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Member Since: 02/2013

Project Likes: 0


    • What a great project!! Would you mind offering a couple more steps/details on how you built this? We love it!
      By ryobinationrocks, on August 19, 2013

    • Congratulations!!
      By pointfndr, on September 6, 2013

    • Thank you everyone! I have not been able to sign in to my account since I entered this. :( I WILL post additional info and steps on this in the next couple of days! It was a very fun project to make!
      By MrMagnet, on September 6, 2013

    • Additional Details on how to make this: One of the most important details, is that you make a deep enough cut out into the uprights for the wood part (not the bark) of the bench log (and seat back) to fit in. You want to allow a bit of space on each lateral side so that you are not carving too close to the edges of the uprights. You also do not want to go too deep so that there is no mass left. You want to be able to go deep enough to offer substantial support to the bench without sacrificing the integrity of the uprights. When you are carving, remember that you need to leave ample length on the bench and back for the peg system to extend thru the upright. Don't make the mistake of cutting the ends of the bench flush when sizing and carving the uprights! Once you get the weight bearing platform carved out in the uprights, then measure and cut out the holes for the peg system to protrude thru the log. Be sure to leave enough length so that you can put the final peg thru the protruding part, as that is what holds it all together. Proper log selection goes a long way to making sure you can build a safe bench. The older and bigger logs work best, as they give you more substance to work with when carving the weight bearing portion. Good, clean, straight cuts of your logs go a long way in making this project work. If you don't have a band saw with proper supports to guide your cut, invest in a visit to a local word working shop that does and have them make those cuts for you. Measure twice, cut once really applies here!. Grab your T and use it heavily in making the grid lines and markings. Pencil it all out and make sure you really like it before you start painting. Grab a calculator if you need to. Just keep measuring and marking. Start with the center of the seat and the back. Mark it off on both. That's your 50 yard line. Now do the math for either the back or the seat and mirror your lines in the opposite component. Get a good set of stencils for the numbers so they look nice and uniform. Make sure they stand up to all the repeated uses of the 0. This is the most tedious part, but if done right, really makes a difference. I personally prefer the rustic look, so I prefer to only prep the actual wood and not the bark portion of the seat and back before painting. Once the grid is complete, apply your final top coats of sealant to protect the grid from the weather. I hope I have filled in the missing blanks. Glad you all liked it so much!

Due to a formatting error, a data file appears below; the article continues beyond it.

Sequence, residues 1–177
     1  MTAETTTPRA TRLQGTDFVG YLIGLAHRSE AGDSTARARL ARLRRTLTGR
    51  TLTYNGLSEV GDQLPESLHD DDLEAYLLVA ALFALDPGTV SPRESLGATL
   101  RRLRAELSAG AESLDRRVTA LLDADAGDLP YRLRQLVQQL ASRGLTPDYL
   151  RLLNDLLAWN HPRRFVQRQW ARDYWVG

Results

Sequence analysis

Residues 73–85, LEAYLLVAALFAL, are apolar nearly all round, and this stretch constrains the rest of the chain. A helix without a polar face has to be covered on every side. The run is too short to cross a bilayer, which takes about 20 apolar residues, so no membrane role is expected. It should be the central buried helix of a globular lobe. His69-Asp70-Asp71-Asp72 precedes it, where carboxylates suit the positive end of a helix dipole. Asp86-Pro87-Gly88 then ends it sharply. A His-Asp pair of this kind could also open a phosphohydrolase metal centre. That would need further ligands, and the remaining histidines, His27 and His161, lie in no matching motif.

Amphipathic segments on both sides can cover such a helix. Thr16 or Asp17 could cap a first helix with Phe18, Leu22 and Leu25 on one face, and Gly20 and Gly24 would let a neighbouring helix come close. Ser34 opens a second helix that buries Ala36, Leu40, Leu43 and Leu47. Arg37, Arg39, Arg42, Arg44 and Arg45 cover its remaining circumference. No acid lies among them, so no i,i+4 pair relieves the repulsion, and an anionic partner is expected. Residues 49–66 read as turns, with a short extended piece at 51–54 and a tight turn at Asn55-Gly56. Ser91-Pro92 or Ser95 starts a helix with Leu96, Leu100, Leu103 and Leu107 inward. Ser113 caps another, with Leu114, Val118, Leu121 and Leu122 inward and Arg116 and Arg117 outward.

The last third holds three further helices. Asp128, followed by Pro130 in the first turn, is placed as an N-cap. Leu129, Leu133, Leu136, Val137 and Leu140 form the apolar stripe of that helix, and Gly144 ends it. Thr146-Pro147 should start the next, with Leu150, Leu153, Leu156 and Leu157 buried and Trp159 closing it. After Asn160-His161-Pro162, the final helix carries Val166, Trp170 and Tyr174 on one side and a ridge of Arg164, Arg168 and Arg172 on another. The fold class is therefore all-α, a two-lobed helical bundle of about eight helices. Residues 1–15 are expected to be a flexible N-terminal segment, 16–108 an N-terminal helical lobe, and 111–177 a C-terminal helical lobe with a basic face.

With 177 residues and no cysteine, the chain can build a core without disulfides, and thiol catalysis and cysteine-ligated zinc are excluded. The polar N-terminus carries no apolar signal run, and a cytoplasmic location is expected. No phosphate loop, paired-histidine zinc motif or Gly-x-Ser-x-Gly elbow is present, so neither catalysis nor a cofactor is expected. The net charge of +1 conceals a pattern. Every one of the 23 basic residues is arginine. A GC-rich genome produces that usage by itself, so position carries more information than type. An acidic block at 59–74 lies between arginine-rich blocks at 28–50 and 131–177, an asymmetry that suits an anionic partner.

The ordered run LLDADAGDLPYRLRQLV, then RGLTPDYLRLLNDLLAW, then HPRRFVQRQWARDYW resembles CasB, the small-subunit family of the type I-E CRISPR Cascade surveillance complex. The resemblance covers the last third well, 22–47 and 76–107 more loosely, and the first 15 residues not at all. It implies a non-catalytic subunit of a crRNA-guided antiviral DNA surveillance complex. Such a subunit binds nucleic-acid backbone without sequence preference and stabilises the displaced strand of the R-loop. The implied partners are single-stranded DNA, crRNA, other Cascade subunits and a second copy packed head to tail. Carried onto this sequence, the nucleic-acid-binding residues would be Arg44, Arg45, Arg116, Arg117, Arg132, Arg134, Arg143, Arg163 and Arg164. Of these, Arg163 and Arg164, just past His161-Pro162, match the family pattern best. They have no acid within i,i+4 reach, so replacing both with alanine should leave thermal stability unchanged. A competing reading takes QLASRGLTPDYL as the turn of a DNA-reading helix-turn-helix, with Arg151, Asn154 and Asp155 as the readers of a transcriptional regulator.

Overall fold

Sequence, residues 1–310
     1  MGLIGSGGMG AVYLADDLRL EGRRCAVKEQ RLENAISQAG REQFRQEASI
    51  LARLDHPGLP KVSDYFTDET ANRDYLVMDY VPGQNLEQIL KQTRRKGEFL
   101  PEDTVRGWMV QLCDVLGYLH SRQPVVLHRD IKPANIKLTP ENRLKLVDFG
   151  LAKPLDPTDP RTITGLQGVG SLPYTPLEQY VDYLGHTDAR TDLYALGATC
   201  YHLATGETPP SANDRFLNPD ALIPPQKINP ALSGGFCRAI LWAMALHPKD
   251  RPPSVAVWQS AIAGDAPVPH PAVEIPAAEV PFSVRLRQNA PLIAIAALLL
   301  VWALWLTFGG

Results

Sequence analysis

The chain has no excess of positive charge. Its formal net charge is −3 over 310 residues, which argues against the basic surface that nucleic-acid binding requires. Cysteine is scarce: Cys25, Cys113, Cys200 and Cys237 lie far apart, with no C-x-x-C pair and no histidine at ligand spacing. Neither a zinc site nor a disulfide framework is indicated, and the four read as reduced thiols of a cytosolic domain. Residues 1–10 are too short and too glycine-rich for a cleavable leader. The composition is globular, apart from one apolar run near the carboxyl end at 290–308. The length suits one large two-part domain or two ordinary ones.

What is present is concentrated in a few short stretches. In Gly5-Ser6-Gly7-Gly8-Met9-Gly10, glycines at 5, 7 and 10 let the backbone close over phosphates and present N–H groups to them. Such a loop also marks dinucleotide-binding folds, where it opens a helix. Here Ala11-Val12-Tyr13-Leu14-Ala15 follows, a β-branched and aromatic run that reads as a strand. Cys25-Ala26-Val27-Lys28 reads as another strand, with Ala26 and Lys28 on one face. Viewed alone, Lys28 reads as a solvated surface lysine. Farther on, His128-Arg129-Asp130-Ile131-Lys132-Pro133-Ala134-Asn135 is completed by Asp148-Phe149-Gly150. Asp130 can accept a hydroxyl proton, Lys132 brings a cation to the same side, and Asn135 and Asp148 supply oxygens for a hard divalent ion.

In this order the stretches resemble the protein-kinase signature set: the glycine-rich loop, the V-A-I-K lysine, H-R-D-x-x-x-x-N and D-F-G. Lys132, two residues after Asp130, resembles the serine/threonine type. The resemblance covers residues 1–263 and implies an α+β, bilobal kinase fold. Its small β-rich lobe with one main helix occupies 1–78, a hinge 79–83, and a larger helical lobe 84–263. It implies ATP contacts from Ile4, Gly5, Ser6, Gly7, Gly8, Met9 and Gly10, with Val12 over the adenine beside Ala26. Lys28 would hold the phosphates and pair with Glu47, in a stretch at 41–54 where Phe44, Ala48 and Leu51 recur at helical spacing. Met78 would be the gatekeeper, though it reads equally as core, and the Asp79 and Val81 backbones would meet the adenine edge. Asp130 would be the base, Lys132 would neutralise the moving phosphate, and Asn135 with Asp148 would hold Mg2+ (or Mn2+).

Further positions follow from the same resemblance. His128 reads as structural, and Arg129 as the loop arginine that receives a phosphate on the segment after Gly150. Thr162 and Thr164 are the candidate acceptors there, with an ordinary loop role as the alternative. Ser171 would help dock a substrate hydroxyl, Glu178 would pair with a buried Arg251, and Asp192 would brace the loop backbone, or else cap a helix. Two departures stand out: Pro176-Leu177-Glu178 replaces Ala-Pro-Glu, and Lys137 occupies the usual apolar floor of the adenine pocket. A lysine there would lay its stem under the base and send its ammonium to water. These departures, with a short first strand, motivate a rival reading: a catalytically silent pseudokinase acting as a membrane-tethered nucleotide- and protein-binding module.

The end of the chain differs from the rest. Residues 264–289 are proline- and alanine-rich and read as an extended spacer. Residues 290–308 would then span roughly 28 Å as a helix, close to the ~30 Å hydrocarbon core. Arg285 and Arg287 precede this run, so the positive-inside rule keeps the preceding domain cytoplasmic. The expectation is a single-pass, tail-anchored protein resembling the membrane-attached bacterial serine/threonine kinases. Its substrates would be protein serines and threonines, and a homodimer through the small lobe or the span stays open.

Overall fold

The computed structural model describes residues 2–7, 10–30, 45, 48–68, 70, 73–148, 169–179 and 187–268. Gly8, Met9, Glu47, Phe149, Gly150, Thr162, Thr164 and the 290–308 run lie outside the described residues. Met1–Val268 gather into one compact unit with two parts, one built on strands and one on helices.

By MrMagnet, on September 7, 2013
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